Since we’ve got a little bit of time, let me ask you: What kind of twists and turns have there been since the development of Band Brothers started way back in the Game Boy era?
Well, at first we were planning to make a dance game. That kind of game was really popular at the time.
Why didn’t you end up making a dance game?
We couldn’t dance. Not a single one of us.
That wasn’t a very well thought-out plan in the first place, then!
I was originally a designer - I’d never made a single game before. After that, I calmed down and took a good look at the staff. I realised that there were people who were really into playing musical instruments. That’s when I thought: “Dancing is out, but we could maybe make a band game…”
…so, not having a clear goal in the first place naturally meant the project direction strayed.
I was really serious about it, though.
You wanted to unleash Barbara onto the world, after all… You thought you could combine your desire with the sound chip, and if dance games were no good, you could probably do something with a musical instrument game, right?
The idea was probably a bit simplistic… There wasn’t much storage space on the Game Boy Color’s cartridges, so we knew we couldn’t include all instrument sounds on one cartridge. We knew that we had to do something, so we came up with the idea of having a different cartridge for each instrument…
Another slightly simplistic idea… (laughs)
But it was that idea that people would be able to come together with different instrument cartridges to play Jam Sessions that was the origin of the Band Brothers concept. The development of the Game Boy Advance solved a lot of problems, and we were able to exhibit at the 2001 Tokyo Game Show…
At that time, you could only hear the instrument that you played yourself through your console speaker, so it became our mission to enable users to hear each other’s instruments. That’s why we had the idea of including a separate speaker in the game package. I thought that created a great visual impact…
Just looking at the software being presented really dazzled people. The development team – you included, Kitamura-san – would play and seem to be having so much fun. You went all around the company doing presentations, didn’t you?
Yes, and in order to strengthen the impact of these presentations there was a period during which we’d practise Jam Sessions in order to work out what kind of performances we should do. We’d also put on costumes before going out to perform.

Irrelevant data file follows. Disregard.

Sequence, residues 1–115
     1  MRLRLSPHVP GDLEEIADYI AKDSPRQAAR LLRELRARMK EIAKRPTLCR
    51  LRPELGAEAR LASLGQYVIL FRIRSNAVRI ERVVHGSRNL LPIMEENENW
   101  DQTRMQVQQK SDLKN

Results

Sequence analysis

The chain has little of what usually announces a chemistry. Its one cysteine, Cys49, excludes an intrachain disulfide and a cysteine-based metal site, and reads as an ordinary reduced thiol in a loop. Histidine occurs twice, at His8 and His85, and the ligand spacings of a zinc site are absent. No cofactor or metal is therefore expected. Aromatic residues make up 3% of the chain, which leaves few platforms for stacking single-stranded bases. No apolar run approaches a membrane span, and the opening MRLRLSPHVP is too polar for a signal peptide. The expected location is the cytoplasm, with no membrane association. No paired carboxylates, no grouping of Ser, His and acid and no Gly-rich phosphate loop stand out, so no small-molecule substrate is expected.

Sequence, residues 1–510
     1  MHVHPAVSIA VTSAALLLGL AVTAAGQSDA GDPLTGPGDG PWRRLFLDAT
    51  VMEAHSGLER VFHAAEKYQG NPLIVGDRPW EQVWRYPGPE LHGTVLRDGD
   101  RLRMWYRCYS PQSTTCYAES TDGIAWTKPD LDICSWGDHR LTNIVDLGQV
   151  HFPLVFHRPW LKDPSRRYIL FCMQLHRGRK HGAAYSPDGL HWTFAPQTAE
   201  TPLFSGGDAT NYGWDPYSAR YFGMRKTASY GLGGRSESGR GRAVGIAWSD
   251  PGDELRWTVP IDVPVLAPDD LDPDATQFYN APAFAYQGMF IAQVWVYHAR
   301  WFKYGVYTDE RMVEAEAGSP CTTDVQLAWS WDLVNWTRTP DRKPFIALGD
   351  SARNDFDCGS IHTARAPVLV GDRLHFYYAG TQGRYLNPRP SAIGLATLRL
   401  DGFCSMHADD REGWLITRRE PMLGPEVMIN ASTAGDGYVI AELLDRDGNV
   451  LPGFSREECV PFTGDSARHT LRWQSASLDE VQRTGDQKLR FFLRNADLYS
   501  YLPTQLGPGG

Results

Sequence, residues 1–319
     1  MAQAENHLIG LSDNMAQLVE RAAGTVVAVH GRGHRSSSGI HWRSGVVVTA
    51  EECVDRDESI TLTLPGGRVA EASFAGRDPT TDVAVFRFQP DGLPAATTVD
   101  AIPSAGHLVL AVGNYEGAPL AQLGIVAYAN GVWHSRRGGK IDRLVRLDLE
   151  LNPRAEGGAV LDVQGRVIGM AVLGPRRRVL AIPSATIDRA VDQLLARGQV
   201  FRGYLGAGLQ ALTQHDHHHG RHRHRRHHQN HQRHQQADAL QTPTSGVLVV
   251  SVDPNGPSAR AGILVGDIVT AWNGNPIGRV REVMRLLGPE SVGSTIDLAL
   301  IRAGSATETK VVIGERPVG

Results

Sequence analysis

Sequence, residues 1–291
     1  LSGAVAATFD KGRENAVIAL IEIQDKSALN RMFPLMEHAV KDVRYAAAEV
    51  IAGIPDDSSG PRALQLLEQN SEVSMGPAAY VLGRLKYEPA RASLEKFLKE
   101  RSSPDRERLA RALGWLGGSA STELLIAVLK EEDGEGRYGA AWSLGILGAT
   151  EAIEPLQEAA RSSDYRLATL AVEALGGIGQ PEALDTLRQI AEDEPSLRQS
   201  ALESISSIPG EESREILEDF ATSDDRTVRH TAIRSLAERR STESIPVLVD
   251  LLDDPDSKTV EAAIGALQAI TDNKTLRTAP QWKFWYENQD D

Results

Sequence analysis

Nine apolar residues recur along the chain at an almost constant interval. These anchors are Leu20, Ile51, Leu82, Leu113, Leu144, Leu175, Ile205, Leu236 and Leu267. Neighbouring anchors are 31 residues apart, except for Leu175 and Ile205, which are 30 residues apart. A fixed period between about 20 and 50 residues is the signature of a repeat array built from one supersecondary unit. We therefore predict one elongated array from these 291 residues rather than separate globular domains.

You did a presentation in Yamauchi-san’s (President of Nintendo at the time) office, didn’t you?
All I remember about that is how nervous I was.
How did you feel when development was suspended?
It was a real shock… That’s why when you became President and sent that questionnaire around, Iwata-san, I had the mindset of, well, “a drowning man will clutch at a straw” as they say, and thought you had thrown a lifeline.
This questionnaire was something I sent by email to all Nintendo development staff because I wanted to know what everyone in the development department was thinking at the time. 99% of people responded dutifully to my questions, but there were some people who wrote at length about matters not mentioned on the questionnaire… Kitamura-san was one of these people. (laughs)
“Let us do Game Boy Music again!” was what I wrote.
It was a bit longer than that, if I recall… (laughs)
I really don’t think Band Brothers would have seen the light of day if it weren’t for that questionnaire. The title was your idea as well, Iwata-san.
Anyone can see the similarity to ‘Super Smash Bros.*. I don’t think it would be allowed under normal circumstances. (laughs) I remember thinking it would be nice if a lot of people felt close to the software and abbreviated it as BanBro. *The Japanese title of Super Smash Bros. is Dairanto! Smash Brothers, whereas the title for Jam with the Band is Daigasso! Band Brothers.
I thought that the words Barbara and Banbro had a similar feeling, so I thought it was a great name.
How did Barbara come to be in the first place?
We didn’t want to create a conventional character. We wanted to create the kind of character that hadn’t been seen in previous Nintendo titles.
I see, so that’s why she’s got a bit of an edge to her. But now Barbara, the character that nobody wanted to use in a game, has appeared in other software titles apart from the original Band Brothers, such as this version of Jam with the Band and English Training.
Yes. I feel really grateful for that.
How did you decide on Barbara’s personality?
I first drew her with a simple ‘baddie’ image in mind, but when it came to her personality, it wasn’t just my creation. All the staff members contributed to making her the way she is. She’s also a really convenient character to have around. Whenever something goes wrong in the game, we can blame it on Barbara. It didn’t matter who wrote her lines, she’d always manage to make them her own. (laughs)
But when I wrote some text and sent it to Kitamura-san, when it came back it sounded just like Barbara.
Eh? I told you, I didn’t modify it at all.
Actually, when Kitamura san was so forceful in trying to bring this project to market, I did think she looked like Barbara’s double. She’s not usually like that, but there were times when she did seem possessed. (laughs)
If I were going to be possessed by something, I’d choose to be possessed by a Bubblegum Pop star!
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